Breastbone pain can be caused by a number of different diseases, conditions and disorders. The goal of this video is to list and describe the most common causes of breastbone pain, along with their symptoms.
The breast bone is also known as the sternum. It's a flat bone in the middle of the chest and it serves two main functions:
It protects the organs behind it (including the heart and airways)
It connect the ribs to each other and to the clavicle (also known as the collar bone).
What most patients describe as breastbone pain can occur in the sternum itself, or it can present under the breastbone or to either side.
Depending on the cause, breastbone pain can range from "annoying but mild" to "stabbing and intense."
Causes of breastbone pain
The most common complaint involving pain in the area of the breastbone actually has nothing to with the breast bone at all. It's known as acid reflux.
When highly potent stomach acid regurgitates into the esophagus, it can erode the more sensitive tissue at the bottom of the throat. Since the esophagus is directly under the breastbone, the pain can feel as if it's coming from the breast bone. Acid reflux is better known by the more common name of "heartburn." It may also be a form of indigestion.
Trauma is a frequent cause of breastbone pain. It's very common in auto accidents where the breastbone absorbs the force of an airbag, a seat belt restraint, or - in older model vehicles - a steering wheel.
Fractures of the sternum itself are rare, but injuries can occur at the points where the sternum connects to the ribs.
There's a condition called osteochondritis dissecans which sometimes occurs near the end of the breastbone. It is generally caused by trauma and happens more often to young people who are active in sports. The exact causes of this condition are unclear, but it may sometimes be connected to a lack of blood.
As we age, joint pain becomes more common in the area of the breastbone and collar bone. When it occurs, it is usually due to arthritis or an inflammatory joint disorder.
Joint pain connected to the sternum can also result from straining during exercise, especially if you're lifting weights that are too heavy for you.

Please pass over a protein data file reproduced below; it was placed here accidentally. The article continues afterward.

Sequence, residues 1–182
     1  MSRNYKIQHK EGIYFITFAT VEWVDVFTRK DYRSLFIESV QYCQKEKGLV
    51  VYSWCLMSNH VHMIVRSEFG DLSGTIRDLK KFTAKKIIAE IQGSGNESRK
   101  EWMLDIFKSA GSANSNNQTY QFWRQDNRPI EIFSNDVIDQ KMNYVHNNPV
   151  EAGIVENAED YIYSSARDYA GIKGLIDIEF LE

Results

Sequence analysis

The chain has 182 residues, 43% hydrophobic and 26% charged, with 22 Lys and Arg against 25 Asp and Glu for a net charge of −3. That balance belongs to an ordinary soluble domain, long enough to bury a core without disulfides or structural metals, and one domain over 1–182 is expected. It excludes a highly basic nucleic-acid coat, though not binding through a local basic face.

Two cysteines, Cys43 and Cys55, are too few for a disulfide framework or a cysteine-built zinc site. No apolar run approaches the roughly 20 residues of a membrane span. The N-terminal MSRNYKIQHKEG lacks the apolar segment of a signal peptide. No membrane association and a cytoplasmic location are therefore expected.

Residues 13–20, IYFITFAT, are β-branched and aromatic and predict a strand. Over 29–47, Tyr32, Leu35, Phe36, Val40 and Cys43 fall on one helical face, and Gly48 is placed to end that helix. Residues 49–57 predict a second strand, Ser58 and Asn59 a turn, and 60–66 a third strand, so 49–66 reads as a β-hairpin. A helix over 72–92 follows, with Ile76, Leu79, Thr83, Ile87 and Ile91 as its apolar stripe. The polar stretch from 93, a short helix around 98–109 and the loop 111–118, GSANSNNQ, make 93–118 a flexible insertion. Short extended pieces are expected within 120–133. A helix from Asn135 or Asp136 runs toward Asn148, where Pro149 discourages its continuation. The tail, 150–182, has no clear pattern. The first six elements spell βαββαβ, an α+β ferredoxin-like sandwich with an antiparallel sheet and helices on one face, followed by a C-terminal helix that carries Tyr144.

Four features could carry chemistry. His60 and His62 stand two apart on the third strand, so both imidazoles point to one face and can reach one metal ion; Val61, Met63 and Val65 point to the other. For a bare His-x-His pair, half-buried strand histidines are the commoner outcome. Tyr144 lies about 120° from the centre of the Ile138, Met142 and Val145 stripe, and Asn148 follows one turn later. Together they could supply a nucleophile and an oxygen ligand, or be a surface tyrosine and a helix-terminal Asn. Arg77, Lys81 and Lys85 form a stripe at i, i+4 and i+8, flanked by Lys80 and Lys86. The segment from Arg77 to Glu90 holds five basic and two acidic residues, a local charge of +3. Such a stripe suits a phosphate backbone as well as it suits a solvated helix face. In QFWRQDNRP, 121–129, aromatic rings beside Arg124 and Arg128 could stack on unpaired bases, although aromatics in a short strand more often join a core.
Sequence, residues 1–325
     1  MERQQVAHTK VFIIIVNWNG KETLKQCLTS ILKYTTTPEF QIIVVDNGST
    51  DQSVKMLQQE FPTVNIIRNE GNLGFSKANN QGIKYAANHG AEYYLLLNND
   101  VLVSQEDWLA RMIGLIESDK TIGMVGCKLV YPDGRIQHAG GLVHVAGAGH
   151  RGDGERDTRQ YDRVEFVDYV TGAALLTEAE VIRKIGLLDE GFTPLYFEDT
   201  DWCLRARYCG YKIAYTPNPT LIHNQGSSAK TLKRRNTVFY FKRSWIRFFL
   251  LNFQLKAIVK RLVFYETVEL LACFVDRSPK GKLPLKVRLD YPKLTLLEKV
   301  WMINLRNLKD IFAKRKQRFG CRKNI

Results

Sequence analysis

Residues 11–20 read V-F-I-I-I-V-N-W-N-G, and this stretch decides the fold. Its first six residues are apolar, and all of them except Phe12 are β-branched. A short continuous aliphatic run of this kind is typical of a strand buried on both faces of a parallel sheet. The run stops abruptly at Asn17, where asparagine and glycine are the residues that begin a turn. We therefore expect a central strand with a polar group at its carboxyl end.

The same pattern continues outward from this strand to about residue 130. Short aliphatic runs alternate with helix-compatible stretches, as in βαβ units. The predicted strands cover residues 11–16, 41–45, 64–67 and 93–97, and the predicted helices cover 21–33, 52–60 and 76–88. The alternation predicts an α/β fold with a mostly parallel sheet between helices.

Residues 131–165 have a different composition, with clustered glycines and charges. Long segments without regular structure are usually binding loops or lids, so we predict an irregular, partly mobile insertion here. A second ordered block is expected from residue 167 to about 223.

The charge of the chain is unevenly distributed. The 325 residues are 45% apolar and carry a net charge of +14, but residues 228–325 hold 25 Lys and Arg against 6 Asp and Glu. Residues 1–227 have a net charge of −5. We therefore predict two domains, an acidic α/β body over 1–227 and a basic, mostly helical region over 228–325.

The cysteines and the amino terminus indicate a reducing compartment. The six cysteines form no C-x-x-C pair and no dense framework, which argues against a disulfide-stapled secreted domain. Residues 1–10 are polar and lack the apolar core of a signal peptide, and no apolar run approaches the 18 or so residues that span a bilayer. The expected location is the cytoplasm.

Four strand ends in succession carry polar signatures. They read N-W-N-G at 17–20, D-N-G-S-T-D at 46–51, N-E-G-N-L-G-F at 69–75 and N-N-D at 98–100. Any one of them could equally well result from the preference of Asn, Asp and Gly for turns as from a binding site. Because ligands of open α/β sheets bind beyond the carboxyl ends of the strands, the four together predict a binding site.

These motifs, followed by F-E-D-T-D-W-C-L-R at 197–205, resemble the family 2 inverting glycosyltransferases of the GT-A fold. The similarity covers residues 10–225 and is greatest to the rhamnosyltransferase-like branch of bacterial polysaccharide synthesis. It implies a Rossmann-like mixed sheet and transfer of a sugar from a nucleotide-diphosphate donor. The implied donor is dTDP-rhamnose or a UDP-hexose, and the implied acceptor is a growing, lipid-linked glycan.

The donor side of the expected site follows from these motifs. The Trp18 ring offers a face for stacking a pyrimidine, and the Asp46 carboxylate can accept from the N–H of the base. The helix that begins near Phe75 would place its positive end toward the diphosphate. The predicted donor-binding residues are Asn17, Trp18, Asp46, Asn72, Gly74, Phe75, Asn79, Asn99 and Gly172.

Muscle pain near the breastbone can also result from exercising too vigorously. Individuals who want to build their pectoral muscles so they can look good at the beach may risk muscle strains and pulls if they're not careful.
Organ related causes of breastbone pain
Angina, or chest pain related to heart problems, is often felt in the area of the breastbone. There are a number of conditions that trigger pain in this area, including coronary artery disease, myocardial infarction (heart attack), myocarditis and pericarditis.
Diseases and conditions of the lungs and respiratory system can also cause pain that seems to be in the breastbone. Bronchitis, tuberculosis and pneumonia are all possibilities. These conditions, however, usually also cause pain in the area around the breastbone, not just in the breastbone itself.
Someone with serious breathing difficulties, like emphysema and asthma, may strain the intercostal muscles, which lie between the ribs. This can also be a source of pain near the breastbone.
Someone who is under psychological or mental stress, like panic and anxiety attacks experience pain near the breastbone. Once again, the pain would not be coming from the breastbone itself, but from underlying causes like muscle strain triggered by deep, rapid breathing, or possibly heart issues.
Anyone who has recently had surgery of any kind in the area of the chest may feel some residual breastbone pain.
Open heart surgery sometimes causes long term pain along the breastbone even after the surgery is over and the patient has recovered.
Less common causes of pain in the area of the breastbone might also include
Breastbone pain can occur at any time in life. Most of the time, the underlying cause is not life-threatening. However, if you have breastbone pain that lasts for more than a few days, or seems to be increasing in frequency or intensity, see you doctor for a diagnosis.